There's more than 1,000 years separating these two conquerors. The difference a millennium makes is:
Iron becomes steel when exposed to just the right amount of carbon, hardening it enough to keep an edge while maintaining enough flexibility to not be brittle. In Alexander the Great's time, steel was either unheard of or incredibly rare. (It's disputed.) In Genghis Khan's time, it was mass-produced by the ton to arm and armor entire armies.
Alexander's forces mostly wore pressed-linen armor. Parts of it were bronze and iron, but the majority was pressed linen, and it was good enough against the iron weapons of the time.
Genghis Khan's forces wore layered silk, lacquered leather, and steel. They had steel swords, steel spears, and steel-tipped arrows.
Saddle and stirrups
Both of these incredibly important inventions for horseback riding are often taken for granted, but since the first man sat on a horse without falling off, it took many centuries (400 B.C.) for the next man to figure out that putting a chair on a horse was indeed a good idea, and then a few centuries more (300 A.D.) to figure out that sticking his feet through loops attached to the horse-chair is even better.
Riding a horse without a solid saddle means all of your weight is on the animals' back. With a solid saddle, the weight of the rider is distributed over a larger area to the horse's flanks. This makes for a more comfortable experience for the horse, increasing its endurance.
For the rider, a saddle provides a more comfortable seat, greater elevation, a groove, and raised backing for support.
Greater stability from saddle & stirrups means:
- You can wear heavier armor without fear of falling off your horse.
- You can ride a lot faster (look at how horse jockeys shift their weight forward when moving at full speed) without fear of falling off your horse.
- You can slam your spear at full speed into some poor guy, driving the weight of your steed into them, without fear of falling off your horse.
- You can shoot a bow with greater power and accuracy, even standing all the way up on the stirrup to get extra height and have the gait of the horse stabilized by your legs, and not fall off your horse.
- Stirrups allow the rider to stay on his steed without needing to cling his thighs constantly against the horse's flank, greatly increasing the range of motion possible to swing a weapon or allowing him to shift his weight forward for the horse to run even faster. (Again, look at the way jockeys ride when their horses go at full speed. That's a position only possible with stirrups.)
Genghis Khan was intimately familiar with Chinese weapons, considering most of his life was spent fighting them. At this point in time, Chinese soldiers made use of flame throwers, shrapnel bombs, and breech-loading guns. At the height of Genghis Khan's reign, he had vanquished the northern Chinese Jin dynasty and absorbed their heavy cavalry and gunpowder armed infantry into his forces.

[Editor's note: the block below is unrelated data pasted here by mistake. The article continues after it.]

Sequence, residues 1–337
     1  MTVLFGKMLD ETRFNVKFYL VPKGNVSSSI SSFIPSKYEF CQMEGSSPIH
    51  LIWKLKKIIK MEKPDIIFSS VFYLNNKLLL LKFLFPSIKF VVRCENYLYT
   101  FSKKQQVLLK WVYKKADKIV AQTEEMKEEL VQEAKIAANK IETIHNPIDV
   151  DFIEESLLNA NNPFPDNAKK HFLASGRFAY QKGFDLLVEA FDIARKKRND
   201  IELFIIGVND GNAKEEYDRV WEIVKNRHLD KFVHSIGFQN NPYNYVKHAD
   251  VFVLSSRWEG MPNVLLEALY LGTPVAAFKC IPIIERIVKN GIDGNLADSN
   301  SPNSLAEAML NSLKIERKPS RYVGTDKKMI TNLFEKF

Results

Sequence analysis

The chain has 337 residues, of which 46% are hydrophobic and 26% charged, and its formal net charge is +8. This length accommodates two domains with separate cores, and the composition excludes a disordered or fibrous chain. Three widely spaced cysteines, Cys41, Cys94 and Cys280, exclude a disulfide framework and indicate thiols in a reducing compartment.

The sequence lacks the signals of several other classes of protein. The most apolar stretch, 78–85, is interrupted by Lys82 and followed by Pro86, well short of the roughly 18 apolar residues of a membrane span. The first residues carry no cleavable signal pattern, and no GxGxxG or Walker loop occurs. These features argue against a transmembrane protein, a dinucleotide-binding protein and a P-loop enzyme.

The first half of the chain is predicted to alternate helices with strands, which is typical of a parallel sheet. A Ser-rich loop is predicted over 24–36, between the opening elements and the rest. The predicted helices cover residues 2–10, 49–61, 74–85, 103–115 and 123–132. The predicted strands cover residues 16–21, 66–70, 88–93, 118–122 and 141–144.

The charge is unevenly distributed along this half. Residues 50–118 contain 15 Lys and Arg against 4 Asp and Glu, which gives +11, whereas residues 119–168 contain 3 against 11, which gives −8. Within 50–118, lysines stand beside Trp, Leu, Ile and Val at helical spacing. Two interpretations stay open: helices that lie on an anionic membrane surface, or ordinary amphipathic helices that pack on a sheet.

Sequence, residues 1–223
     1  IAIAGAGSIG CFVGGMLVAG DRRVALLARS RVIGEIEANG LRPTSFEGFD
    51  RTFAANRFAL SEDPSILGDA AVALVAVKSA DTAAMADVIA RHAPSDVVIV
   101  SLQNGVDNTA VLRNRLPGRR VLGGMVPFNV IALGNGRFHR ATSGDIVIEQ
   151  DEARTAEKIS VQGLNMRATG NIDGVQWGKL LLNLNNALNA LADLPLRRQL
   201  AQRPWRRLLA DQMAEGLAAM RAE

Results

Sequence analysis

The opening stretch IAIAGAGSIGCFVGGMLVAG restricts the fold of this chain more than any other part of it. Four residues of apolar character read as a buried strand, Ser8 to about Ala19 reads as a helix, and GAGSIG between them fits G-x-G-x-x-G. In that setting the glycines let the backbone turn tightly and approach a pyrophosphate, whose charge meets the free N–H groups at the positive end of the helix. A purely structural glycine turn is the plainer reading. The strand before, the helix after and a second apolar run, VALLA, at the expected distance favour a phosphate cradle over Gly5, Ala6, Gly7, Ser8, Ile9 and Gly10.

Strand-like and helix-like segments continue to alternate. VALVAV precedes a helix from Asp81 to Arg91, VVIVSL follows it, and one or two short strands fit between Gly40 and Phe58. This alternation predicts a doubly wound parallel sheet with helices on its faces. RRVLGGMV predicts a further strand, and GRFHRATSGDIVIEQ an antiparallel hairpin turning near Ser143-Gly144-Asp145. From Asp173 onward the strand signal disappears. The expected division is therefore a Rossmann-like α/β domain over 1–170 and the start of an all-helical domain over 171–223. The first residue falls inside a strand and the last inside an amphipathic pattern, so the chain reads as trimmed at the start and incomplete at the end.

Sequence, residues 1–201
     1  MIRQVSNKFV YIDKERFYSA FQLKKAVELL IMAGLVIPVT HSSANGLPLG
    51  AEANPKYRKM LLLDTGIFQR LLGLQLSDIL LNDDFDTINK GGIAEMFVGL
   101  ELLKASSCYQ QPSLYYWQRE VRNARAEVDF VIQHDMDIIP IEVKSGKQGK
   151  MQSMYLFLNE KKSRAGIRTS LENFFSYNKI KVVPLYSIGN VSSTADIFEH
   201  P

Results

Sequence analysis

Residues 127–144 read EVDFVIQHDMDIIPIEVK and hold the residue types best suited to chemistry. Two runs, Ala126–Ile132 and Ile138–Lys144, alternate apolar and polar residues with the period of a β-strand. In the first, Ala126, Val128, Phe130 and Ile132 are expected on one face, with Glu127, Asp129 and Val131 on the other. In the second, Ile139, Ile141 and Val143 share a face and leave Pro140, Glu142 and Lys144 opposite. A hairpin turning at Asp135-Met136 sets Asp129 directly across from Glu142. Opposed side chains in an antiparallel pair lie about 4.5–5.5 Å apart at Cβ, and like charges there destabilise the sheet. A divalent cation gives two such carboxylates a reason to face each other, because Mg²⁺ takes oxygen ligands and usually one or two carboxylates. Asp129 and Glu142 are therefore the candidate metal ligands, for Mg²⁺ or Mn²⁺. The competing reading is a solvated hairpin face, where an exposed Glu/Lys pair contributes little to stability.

With all that being said, let's break down the encounter by what Alexander's forces have and how Genghis Khan would fight them:
Densely packed infantry with long spears dominated the warfare of Alexander's era. That flamethrower I mentioned above—do you know what the Chinese called them? Phalanx chargers. The Chinese specifically noted, Hey, this weapon we invented that spews out fire and shrapnel is really good at making packed groups of dudes just fall over and die. Let's give it a name that reflects this. Phalanxes are also vulnerable to flanking, as their strict formation means every man has to be tightly coordinated with his comrades. Even without gunpowder weapons, the Mongols could just circle them on horseback, firing arrows. So Alexander would need to send his ...
Famous in their era as "heavy cavalry," but 1,000 years later? The lack of solid saddles and stirrups means they cannot charge full force without the risk of being knocked off their horses. Horse armor (barding) was also very rare, if not unheard of in this era. In comparison ...
Stirrup-equipped East Asian cavalry of this era ranged from light-horse archers to heavily armored riders on heavily armored horses. If Alexander's cavalry chased after the light cavalry, they would be outmaneuvered while arrows are shot at them. If Alexander's cavalry goes after the heavy cavalry, they will have to weather arrows at range to close in with their iron weapons against steel armor, or they get countercharged by men moving much faster, able to deliver greater impact on the charge (due to the saddle), and attack with greater mobility in melee (due to the stirrup). Then there's leadership factors, such as Genghis Khan's Mongols being more highly organized than Alexander's Macedonians and able to coordinate complex maneuvers independently without Genghis Khan's direct presence (while the Macedonians need Alexander to be there in person).
And on top of all of this, you're having Alexander's mostly infantry and some cavalry army face off against history's most famous cavalry force on an open field.
Genghis Khan wins this very lopsided battle.
If you'd like to know how city-dwelling people are suppose to beat the near-mythically unstoppable horse nomad (or wondered how the Chinese lived next to the steppes for 2,000 years without being conquered all the time), check out: Andy Lee Chaisiri's answer to What would be a feasible contemporary defensive technique/tactic/strategy to deploy against an invading Mongol army?
More questions on Hypothetical Battles:
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